Due to the unseasonably long, warm fall last year, master gardener L.A. Rotheraine and the gardeners at Evergreen Elm had to change their approach slightly this year when starting their plants.The group, however, is expecting the same phenomenal results they have always had with their biodynamic gardens.
"The reason no agricultural university in the Western Hemisphere can compete against Evergreen Elm's biodynamic gardeners within the confines of McKean County," Rotheraine said, are the sprays they use. For example, while other gardeners use the BD Field and Garden Spray only as a field spray, Evergreen Elm uses it as a foliar spray as well. This, in addition to the unorthodox way they use the biodynamic compost preparations produces superior vegetation, Rotheraine said.
He went on to compare biodynamic gardening to modern agriculture, emphasizing their incorporation of cosmic energy-energy from the stars and planets.
"The connection to the heavens is in the central stem of all plants," Rotheraine went on to say, referring to the stem as a "cosmic pipeline," or a "heavenly circuit."
"The biodynamic preparations intensify these heavenly currents or cosmic threads, thus uniting the heavens with Earth in a very beneficial way," he said. "Agricultural science has forgotten that all plants are materialized energy from stars and planets. It is common sense to see that the sun, moon and all the stars and planets have an effect on plant life on Earth. As a photographer knows every light effects a picture, therefore every light in the sky would have to effect plant growth to a greater or lesser degree."
Referring specifically to the effect the strange weather last fall had on gardening this spring, Rotheraine said the soil is much dryer than it would normally be at this time of year.
"Therefore, we are using the unorthodox technique of using the BD Field and Garden Spray as a leaf spray," he said. By spraying the soil and plants as they do, however, they are "actually changing the climatic conditions in the garden."
Normally, they would use a combination of horn silica and valerian flower concentrate for spray. Instead, they are using the field spray - comprised of seven preparation components, what Rotheraine refers to as "BD prep 500, 502, 503, 504, 505, 506 and 507" - exclusively this spring. Respectively, the substances are horn manure, yarrow flowers, chamomile flowers, stinging nettle, oak bark, dandelion flowers and valerian flowers.
It is not only the spray, however, that makes the garden so successful, Rotheraine said.
"The enthusiasm of Evergreen Elm's biodynamic gardeners becomes an actual force just like our preparations do and has a tremendous positive effect on the plants," he said.
While some may debate the theory behind Rotheraine's methods, what cannot be refuted are his results. For years, the group has taken dozens of blue ribbons at the McKean County Fair for their fruits and vegetables. Rotheraine, Evergreen Elm and the biodynamic gardens have also been featured on local television news and in newspapers as far away as Michigan because of the unusually high quality of their seed strains, plants and harvests.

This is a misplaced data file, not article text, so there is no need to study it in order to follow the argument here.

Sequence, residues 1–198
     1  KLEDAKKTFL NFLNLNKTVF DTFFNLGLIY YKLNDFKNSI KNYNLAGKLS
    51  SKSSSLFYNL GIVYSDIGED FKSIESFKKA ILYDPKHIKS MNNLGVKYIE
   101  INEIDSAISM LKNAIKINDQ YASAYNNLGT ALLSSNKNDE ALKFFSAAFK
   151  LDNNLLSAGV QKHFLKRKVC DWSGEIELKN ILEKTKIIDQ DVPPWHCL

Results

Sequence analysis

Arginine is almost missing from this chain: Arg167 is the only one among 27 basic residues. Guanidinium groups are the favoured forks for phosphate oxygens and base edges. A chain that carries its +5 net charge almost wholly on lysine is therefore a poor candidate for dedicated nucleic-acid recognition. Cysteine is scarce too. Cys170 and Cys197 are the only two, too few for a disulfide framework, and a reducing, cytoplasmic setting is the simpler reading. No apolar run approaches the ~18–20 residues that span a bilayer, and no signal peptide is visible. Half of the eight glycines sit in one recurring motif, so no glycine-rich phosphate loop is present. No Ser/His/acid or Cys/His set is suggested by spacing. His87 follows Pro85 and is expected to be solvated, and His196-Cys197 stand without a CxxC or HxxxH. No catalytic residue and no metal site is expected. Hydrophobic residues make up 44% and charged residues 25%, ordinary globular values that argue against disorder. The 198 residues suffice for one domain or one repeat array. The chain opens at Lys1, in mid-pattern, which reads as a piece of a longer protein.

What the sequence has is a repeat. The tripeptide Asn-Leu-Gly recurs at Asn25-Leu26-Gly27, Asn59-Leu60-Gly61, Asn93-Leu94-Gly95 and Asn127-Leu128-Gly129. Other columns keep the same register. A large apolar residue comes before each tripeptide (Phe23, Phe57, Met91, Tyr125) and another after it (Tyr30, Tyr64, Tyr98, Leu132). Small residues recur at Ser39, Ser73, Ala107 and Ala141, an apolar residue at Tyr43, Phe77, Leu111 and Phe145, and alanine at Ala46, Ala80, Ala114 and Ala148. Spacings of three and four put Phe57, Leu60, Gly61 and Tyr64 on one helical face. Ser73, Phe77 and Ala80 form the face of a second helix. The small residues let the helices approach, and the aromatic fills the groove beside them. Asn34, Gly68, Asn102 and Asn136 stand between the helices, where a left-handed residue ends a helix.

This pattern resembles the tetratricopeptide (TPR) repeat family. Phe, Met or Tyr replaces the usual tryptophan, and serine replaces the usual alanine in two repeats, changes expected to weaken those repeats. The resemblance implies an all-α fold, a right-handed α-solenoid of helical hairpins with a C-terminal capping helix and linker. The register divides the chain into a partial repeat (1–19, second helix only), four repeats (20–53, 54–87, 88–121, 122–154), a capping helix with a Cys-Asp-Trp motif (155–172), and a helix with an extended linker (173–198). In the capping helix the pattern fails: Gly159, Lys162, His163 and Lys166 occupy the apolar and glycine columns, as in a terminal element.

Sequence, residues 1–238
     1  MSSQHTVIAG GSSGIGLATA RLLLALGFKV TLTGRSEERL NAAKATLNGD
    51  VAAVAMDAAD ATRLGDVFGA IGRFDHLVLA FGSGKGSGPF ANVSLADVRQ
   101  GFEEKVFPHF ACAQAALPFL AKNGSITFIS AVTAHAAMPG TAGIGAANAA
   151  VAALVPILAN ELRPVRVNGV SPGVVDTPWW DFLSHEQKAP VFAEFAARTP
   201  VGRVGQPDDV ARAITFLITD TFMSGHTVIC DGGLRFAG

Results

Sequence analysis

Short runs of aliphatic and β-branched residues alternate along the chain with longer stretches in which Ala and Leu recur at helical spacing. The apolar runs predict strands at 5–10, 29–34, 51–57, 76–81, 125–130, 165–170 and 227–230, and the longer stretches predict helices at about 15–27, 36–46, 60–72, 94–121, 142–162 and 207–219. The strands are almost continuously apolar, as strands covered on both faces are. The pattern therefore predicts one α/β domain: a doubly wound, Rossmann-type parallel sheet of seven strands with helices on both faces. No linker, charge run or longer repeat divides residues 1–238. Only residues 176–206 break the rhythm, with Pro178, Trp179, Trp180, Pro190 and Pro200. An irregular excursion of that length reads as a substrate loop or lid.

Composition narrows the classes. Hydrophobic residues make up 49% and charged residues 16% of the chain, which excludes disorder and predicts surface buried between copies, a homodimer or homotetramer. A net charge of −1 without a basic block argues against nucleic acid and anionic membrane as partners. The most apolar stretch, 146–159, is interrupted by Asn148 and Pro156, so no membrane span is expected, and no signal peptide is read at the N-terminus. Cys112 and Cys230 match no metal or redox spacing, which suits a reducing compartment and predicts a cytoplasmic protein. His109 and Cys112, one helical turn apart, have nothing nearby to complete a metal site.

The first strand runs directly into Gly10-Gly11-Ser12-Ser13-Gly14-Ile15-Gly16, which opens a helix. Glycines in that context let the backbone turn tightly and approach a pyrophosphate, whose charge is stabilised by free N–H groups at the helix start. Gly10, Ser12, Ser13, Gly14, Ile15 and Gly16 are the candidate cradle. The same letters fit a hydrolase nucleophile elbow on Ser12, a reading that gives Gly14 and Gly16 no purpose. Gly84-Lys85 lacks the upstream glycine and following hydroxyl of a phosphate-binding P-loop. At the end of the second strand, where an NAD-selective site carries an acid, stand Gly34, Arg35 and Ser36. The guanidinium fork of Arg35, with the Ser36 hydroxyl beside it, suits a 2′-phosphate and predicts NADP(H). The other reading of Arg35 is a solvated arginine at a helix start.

"Until other gardeners and farmers use Evergreen Elm's biodynamic system, they will never achieve the results our gardeners have accomplished," Rotheraine said.
He seemed particularly pleased that master gardeners at two Midwestern colleges, the University of Michigan and the University of Wisconsin, are both currently experimenting with Evergreen Elm's methods. He is also hopeful that biodynamic gardening is becoming popular worldwide, as they group has seen a large number of hits on their Web site from Communist China.
"So, we're putting some of our key articles in Chinese hoping they will (use) the Evergreen Elm method of making seeds instead of being swayed into genetically-engineered and terminator seeds that the large corporations are trying to propagate throughout the world," Rotheraine said.
"If a seed strain is a replica of a particular cosmic constellation, then genetically altering a seed makes it inferior," he said, compared to what it could be - "a heavenly image in the form of a plant here on Earth."
Evergreen Elm supervisor Brandi Buck said that not only do the gardeners produce a spectacular garden, but the garden gives back to its creators and keepers.
"There is a therapeutic aspect of gardening for the individuals at Evergreen Elm," Buck said. "It helps with aggression and obsessive compulsive disorder," adding the repetitious nature of the tasks calms the clients at Evergreen Elm - an agency that specializes in the care and therapy of those diagnosed with mental health illness or mental retardation.
Some clients, due to their diagnoses, tend to binge eat, for example. Tending the garden allows them to better understand the nutritional value of what they are growing. It also helps with finger dexterity, she said, as well as giving them a reason to be outside getting exercise in the sunlight, which naturally combats depression.
Harvesting the gardens and taking home all those blue ribbons also fills them with a sense of pride and accomplishment, she said.
"Each individual here can tell you what they do in the garden and why," Buck said. Some of the clients at Evergreen Elm have been working with Rotheraine in the garden for decades, she added. "It's a huge benefit for them."
More detailed information on biodynamic gardening can be found at www.rotheraine.com.